Nicky English: Stakes already very high for Dublin and Galway
Danny Sutcliffe could give Dubs the edge in a pivotal early-season clash
Mark Schutte has been a revelation so far, Dublin’s key man, consistently outstanding from the off. Photo: Cathal Noonan/Inpho
Previous form for both counties can be largely discarded because true form can only come out of this game. Victory at Croke Park will kick-start either Galway or Dublin’s assault on a Leinster title. At the very least it provides safer passage into an All-Ireland quarter-final.
A wounded Clare are already waiting in the qualifier minefields so both teams know the stakes.
It doesn’t feel like championship just yet, maybe it’s the weather, but this spectacle should leave us in no doubt that the serious hurling is upon us.
Dublin beat Galway well during the league but Galway had already qualified for the quarter-final. Very little can be taken from the up and down league form that saw Dublin beat Tipp only to be hammered by Cork. They recovered to have Cork on the rack in the league semi-final only to squander a comfortable lead after conceding a late goal.
Evidence of the old Dublin failing remains. They have never been a team that survives off their conversion of scoring opportunities alone. Their percentages are far too low, especially when the pressure comes on.
Fresh voiceGer Cunningham
Putting Conal Keaney into the half-back line seems to have worked. Well, it looked effective in Parnell Park and Nowlan Park.
Now whether he performs as a true wing back in Croke Park, on summer track, is an entirely different proposition. We shall see. Mark Schutte has been a revelation so far, their key man, consistently outstanding from the off. Chris Crummey is another positive addition to their ranks.
Cian O’Callaghan has impressed me at corner back. I’m not so sure about Liam Rushe at full forward but Dublin need him hurling through their spine, be it at centre back or centre forward. Crummey has being doing a job behind so their need seems greater in the forwards. Rushe wins ball and is the power forward in this highly physical team.
It is also worth noting most of Dublin’s championship preparations have been done without their main attacking threat.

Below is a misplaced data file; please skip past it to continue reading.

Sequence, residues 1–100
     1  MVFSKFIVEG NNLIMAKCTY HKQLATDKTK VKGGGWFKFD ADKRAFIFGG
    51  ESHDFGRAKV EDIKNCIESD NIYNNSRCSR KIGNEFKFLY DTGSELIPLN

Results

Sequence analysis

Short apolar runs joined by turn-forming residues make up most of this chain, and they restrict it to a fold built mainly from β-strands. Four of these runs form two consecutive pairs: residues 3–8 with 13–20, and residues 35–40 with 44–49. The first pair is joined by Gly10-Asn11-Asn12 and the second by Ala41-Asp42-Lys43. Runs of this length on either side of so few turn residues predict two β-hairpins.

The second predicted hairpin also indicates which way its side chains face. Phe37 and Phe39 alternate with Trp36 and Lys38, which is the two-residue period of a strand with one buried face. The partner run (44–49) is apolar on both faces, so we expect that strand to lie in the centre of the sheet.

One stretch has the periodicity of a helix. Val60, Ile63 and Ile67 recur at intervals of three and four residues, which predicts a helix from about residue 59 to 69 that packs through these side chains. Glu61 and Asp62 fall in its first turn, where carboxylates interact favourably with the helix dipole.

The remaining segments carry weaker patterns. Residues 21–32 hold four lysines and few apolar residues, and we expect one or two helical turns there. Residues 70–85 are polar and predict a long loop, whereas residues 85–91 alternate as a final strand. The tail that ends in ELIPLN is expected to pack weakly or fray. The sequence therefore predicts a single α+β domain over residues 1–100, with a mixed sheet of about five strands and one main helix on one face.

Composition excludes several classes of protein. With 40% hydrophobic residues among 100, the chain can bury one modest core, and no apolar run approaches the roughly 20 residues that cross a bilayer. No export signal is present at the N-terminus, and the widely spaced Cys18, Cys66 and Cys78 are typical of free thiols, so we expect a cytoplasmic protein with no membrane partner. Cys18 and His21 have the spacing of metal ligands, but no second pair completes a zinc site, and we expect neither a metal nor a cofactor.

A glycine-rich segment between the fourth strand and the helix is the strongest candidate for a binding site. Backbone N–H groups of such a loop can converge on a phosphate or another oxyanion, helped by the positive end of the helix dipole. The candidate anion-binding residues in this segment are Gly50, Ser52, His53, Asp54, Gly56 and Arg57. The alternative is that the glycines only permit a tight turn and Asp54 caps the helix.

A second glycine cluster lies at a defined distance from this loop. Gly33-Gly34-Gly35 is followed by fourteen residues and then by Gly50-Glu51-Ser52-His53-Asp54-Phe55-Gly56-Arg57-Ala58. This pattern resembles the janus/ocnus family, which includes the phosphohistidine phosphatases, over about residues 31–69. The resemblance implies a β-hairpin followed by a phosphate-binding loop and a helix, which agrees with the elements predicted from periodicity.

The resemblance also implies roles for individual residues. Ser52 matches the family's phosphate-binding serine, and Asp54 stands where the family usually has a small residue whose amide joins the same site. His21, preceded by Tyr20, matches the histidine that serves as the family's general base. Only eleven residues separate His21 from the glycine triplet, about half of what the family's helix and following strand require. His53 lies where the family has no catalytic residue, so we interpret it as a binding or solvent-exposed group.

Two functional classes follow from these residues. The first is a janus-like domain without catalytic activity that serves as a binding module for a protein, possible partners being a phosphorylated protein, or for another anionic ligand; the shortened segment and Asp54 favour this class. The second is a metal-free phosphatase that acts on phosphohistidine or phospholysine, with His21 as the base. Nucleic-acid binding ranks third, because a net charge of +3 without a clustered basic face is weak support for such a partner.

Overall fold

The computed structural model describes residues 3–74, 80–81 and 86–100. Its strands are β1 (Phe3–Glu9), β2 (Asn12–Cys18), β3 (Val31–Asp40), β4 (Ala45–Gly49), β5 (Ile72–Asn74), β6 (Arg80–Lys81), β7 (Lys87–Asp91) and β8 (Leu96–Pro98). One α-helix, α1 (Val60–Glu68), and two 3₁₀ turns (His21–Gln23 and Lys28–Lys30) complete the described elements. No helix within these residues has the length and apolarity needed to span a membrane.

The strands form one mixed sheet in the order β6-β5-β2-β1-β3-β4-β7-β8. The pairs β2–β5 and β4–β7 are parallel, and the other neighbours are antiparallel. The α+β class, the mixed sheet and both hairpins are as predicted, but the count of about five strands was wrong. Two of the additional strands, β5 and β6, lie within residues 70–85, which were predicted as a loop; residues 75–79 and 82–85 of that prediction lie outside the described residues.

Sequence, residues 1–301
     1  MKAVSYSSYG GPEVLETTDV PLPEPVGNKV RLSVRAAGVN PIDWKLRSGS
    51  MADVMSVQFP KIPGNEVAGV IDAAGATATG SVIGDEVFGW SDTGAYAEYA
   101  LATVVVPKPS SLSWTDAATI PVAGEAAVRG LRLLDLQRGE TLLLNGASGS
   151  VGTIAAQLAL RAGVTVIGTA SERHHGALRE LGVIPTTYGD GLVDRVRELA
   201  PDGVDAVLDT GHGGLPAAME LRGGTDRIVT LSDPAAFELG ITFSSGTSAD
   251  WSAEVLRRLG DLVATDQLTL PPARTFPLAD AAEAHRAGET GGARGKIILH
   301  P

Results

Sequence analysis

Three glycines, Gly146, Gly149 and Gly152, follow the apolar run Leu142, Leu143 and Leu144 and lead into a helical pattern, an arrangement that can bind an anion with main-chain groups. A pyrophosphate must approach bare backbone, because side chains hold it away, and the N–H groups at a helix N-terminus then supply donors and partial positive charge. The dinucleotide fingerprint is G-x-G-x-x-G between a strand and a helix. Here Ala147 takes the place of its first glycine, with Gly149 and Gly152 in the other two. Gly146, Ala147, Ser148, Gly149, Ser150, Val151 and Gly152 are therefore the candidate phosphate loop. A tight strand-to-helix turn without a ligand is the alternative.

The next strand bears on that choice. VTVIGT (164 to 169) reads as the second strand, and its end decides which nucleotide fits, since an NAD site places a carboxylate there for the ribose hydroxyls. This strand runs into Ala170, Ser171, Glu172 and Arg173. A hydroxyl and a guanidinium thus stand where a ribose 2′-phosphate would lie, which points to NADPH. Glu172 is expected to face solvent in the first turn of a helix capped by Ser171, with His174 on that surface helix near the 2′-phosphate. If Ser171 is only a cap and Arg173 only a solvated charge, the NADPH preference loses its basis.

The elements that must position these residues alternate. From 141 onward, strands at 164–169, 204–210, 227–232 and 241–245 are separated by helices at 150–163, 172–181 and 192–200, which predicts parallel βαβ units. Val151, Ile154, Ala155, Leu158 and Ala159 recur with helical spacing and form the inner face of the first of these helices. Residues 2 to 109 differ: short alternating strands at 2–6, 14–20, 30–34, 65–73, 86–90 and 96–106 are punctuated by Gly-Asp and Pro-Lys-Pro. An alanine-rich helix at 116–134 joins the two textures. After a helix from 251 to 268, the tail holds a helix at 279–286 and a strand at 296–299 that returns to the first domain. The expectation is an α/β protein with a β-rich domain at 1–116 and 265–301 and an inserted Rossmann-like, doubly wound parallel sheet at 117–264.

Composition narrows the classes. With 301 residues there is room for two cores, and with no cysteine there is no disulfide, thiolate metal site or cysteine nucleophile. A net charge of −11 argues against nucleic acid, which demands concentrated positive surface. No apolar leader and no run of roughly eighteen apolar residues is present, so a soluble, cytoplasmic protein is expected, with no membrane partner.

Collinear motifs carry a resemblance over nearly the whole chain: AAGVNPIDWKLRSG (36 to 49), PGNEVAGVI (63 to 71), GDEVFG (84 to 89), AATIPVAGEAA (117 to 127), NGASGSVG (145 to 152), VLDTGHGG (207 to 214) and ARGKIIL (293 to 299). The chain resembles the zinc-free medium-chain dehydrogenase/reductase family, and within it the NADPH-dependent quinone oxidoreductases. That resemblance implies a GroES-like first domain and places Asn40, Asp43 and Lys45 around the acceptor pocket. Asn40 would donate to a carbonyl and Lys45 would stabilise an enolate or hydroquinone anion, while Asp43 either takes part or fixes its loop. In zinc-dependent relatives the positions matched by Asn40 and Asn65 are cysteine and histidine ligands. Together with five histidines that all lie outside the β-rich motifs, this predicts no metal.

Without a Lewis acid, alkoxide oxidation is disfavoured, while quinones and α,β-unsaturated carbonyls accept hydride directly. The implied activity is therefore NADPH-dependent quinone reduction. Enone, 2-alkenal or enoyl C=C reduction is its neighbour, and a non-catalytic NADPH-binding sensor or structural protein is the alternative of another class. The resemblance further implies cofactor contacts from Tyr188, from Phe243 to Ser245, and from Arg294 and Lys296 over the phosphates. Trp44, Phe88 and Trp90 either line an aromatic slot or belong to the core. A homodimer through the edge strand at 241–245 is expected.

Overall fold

Every team in the country would hand the 12 jersey to Danny Sutcliffe. The entire package is there; ball winning, athleticism, pace and he’s really sharpened his scoring. If he’s tuned right, expect four or five points from play every time he plays. It will take some man, or men, to slow him. He’s a super player and could be the difference on Sunday.
Add Sutcliffe to their ranks, presume the limpness we saw when picked apart far too easily by Tipperary last year has been eradicated and Cunningham’s Dublin look primed for a campaign to rival 2013.
I’m not so sure about Galway.
We know all about the deep well of talent but 2012 feels more and more like an aberration – thrashing Kilkenny in the Leinster final before ultimately bending to Henry Shefflin’s will (and that 1-3 from Walter Walsh) in the All-Ireland final – as that year has been accompanied by mediocrity ever since.
On championship form alone they look superior to Dublin as they forced Kilkenny to a replay last year and had Tipperary beaten until Séamus Callanan struck twice as they were outscored a whopping 2-10 to 0-1 in the final 20 minutes at Thurles.
That looked worse than they deserved. It can happen but I struggled to identify a sustained pattern to their play throughout 2014. I couldn’t see the masterplan. Jonathan Glynn and Joe Canning did most of the damage. Rapid-fire stuff but nothing that will unduly trouble a disciplined Dublin defence.
At this point 2012 feels like an awfully long time ago. That was supposed to be the start of something special. I expected a settled team under Anthony Cunningham to be among the contenders for a generation. It hasn’t happened that way.
This is the year when they must dispel this growing logic. If Cunningham can’t deliver a team to match Galway’s undeniable glut of natural hurlers then they will be left behind. Yet again. If they win Sunday they have a real chance of winning Leinster. So they are not far off. We know to respect them from the manner in which they caught fire in that 2012 Leinster final. And sparked last summer. I’m just not so sure.
If Dublin can convert the chances their physically imposing hurlers are bound to create they should prevail. But form will be born out of this victory and a summer route shaped.
One far straighter than the other.